By Heather Mullinix
The Crossville City Council will consider changes to the employee benefits package that, if approved, could save the city more than $100,000 a year in costs. Changes would be made in health, life, dental and short- and long-term disability insurance plans.
Crossville City Manager Bruce Wyatt told the council during its work session Tuesday, "We've given a lot of time to this subject in the last year and taken a long, hard look at the employee benefits package. Our objective was to say where we could reasonably find savings without harming employees."
In working with Tonya Hinch, of Don Hinch and Associates, the insurance committee developed a recommendation that would increase health insurance costs only 6 percent in the coming year, instead of the 10 percent increase the current plan would require. The city budgeted for a 7 percent increase.
However, the recommendation also requires employees to split the cost of the increase for dependent coverage with the city. In the past, the city paid that increase in lieu of salary increases. The city pays 100 percent of employee coverage.
The Network S Blue Cross/Blue Shield plan recommended increases the individual calendar year deductible to $2,500, from $2,000. The out-of-pocket maximum also increases from $2,500 to $3,000. The added cost to employees is $14.88 per week for those with family coverage, $7.78 per week for those with employee and spouse coverage, and $6.95 for those with employee and children coverage. Employees with Network P plans would bear the cost of the difference between that plan and the Network S plan, $10.27 per week for employees. It was noted 12 employees have this health plan, but they use doctors in the Network S plan and could easily switch if they chose.
The city could have kept health insurance at the same cost, but that would have required upping the calendar year deductible to $5,000.
Also, with changes required under the Affordable Health Care Act, the coverage will now provide more coverage for preventative care, including yearly mammograms with no out-of-pocket costs, and annual check-ups up to $300 per year without co-pay or deductible, Hinch explained.
"There are a number of things we can put in place to drive our costs down long-term," Bruce Wyatt said. "We need understanding from the employee of the cost of health care. If the employee is isolated from the cost, then they are not motivated to control costs."
Ideas included helping employees quit smoking, becoming more fit and mandatory health screenings. The state of Tennessee charges its plan participants $600 more per year for smokers. Those willing to quit can be covered without the additional charge. Blue Cross/Blue Shield also offers incentives for taking part in a voluntary personal health assessment and health coaches are available to plan participants.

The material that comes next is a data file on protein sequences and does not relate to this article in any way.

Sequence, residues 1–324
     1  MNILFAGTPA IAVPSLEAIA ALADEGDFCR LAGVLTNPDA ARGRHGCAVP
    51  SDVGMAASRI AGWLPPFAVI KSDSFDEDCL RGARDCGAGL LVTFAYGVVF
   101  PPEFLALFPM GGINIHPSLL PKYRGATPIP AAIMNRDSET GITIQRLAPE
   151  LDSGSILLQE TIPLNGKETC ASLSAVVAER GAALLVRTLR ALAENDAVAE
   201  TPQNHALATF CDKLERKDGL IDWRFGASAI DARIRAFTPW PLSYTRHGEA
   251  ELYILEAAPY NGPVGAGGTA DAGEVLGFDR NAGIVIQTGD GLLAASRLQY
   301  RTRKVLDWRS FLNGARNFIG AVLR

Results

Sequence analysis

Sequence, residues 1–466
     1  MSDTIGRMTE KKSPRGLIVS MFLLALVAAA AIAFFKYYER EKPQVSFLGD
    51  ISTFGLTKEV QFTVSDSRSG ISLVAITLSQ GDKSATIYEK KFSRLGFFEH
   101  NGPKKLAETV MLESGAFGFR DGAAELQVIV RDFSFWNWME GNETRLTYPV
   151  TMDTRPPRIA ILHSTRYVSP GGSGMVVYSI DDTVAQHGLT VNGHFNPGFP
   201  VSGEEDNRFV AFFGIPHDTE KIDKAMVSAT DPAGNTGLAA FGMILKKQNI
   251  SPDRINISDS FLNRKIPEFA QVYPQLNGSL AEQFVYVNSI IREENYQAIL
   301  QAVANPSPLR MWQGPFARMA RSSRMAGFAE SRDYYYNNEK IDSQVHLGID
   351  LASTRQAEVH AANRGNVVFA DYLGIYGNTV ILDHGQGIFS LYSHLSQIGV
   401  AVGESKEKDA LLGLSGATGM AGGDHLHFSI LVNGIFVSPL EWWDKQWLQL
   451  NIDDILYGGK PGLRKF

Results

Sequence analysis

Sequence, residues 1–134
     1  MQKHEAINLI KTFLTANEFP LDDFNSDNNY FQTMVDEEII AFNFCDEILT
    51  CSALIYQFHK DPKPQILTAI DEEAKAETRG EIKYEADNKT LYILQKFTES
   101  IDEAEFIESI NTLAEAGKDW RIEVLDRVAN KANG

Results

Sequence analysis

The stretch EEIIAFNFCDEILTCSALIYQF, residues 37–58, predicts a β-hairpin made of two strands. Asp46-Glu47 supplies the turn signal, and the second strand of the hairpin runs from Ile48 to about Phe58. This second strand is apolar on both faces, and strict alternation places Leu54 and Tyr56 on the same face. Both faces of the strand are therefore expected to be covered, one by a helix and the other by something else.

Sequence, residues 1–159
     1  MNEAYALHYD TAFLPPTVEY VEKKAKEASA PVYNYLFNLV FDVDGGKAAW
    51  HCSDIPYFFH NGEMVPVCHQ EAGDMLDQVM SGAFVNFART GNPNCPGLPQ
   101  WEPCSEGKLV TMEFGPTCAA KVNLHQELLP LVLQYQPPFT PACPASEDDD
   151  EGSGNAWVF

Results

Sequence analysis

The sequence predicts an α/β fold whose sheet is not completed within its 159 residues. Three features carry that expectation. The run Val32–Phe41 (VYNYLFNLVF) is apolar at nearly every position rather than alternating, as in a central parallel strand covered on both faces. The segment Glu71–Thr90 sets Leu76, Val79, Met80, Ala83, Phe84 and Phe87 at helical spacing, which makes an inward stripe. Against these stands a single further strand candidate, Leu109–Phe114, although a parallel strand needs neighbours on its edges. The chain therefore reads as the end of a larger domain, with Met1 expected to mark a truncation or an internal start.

Mayor J.H. Graham III said, "Obesity and smoking has got to be addressed. It's costing all of us."
In looking at short-term and long-term disability coverage, Bruce Wyatt recommended changes that would save $70,000 per year. He said the city had paid $280,000 in premiums for this coverage in the past four years, but only $16,042 in claims had been paid to employees. Bruce Wyatt also noted the city provides employees 15.6 paid vacation days each year, 13 sick days each year and 9 paid holidays.
"The sick time and vacation that accumulates is a good package and enough to take care of most of those circumstances," Wyatt said.
Removing that coverage would save $70,000 a year.
The city also currently provides life insurance that is equal to twice an employee's annual salary. The city council is also covered with a $50,000 benefit. Changing that coverage to a $25,000 across-the-board benefit would save the city $23,500 a year. Employees could purchase additional coverage at their own cost.
"This amount is enough to give a sense of security," Bruce Wyatt said. "It won't create an estate, but it would take care of those final expenses in a terrible event."
A change from Ameritas dental coverage to Delta Dental would save the city about $13,000 a year. That plan keeps 100 percent coverage for exams, X-ray and cleanings, 80 percent coverage for basic restorative procedures and 50 percent for major restorative procedures. The deductible remains $50 per year and has a $1,000 maximum yearly benefit. Those are the same levels provided by the former Ameritas plan. Costs are $23 per month for employee coverage, $46.02 for employee and spouse coverage, $59.94 for employee and children coverage, and $92.57 per month for family coverage.
The Ameritas plan, however, has allowed plan participants to earn additional yearly benefits, up to $1,000, for meeting certain guidelines, such as keeping preventative appointments and having no major procedures in the last few months of the year. That balance for city employees is at $124,000 and would be lost if the city changed plans.
The council will consider the changes in its meeting Tuesday. Open enrollment will begin soon, and a decision on changes is needed so that employees can be properly informed.
Also on the agenda for next week are three sewer line repair projects to correct leaking or collapsed pipe areas. Areas of concern include about 800 feet of line south of Hwy. 70 E., Greenbriar and Lantana Rd., which handles about one-third of the city's effluent. Another area is on Hwy. 70 E. at the Blind Zebra, where the line has collapsed under the canopy of the gas station across the street. This has caused significant difficulty in serving the customers in that area.